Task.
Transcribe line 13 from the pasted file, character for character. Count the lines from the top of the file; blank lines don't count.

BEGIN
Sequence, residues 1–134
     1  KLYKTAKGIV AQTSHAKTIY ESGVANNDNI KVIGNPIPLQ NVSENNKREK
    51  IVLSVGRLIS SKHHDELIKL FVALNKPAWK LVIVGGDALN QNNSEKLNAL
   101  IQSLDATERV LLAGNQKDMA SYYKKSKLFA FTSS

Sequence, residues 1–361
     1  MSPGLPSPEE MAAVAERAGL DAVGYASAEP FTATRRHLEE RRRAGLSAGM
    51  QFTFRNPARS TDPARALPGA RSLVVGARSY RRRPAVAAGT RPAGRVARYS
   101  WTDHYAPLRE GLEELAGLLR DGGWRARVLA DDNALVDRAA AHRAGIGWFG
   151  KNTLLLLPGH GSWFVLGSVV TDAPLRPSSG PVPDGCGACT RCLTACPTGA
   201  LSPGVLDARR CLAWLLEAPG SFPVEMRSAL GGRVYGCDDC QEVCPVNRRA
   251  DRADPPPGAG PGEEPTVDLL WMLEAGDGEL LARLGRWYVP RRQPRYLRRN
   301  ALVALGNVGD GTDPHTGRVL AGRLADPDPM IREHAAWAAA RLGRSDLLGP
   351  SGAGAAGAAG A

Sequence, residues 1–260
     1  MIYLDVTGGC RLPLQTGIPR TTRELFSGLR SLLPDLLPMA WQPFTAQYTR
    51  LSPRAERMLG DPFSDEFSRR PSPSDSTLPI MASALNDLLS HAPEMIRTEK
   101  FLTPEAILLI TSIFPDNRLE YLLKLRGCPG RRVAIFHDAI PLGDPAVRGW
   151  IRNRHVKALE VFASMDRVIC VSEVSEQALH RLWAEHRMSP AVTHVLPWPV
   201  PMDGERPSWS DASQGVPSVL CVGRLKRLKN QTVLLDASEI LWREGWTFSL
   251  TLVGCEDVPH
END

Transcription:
   351  SGAGAAGAAG A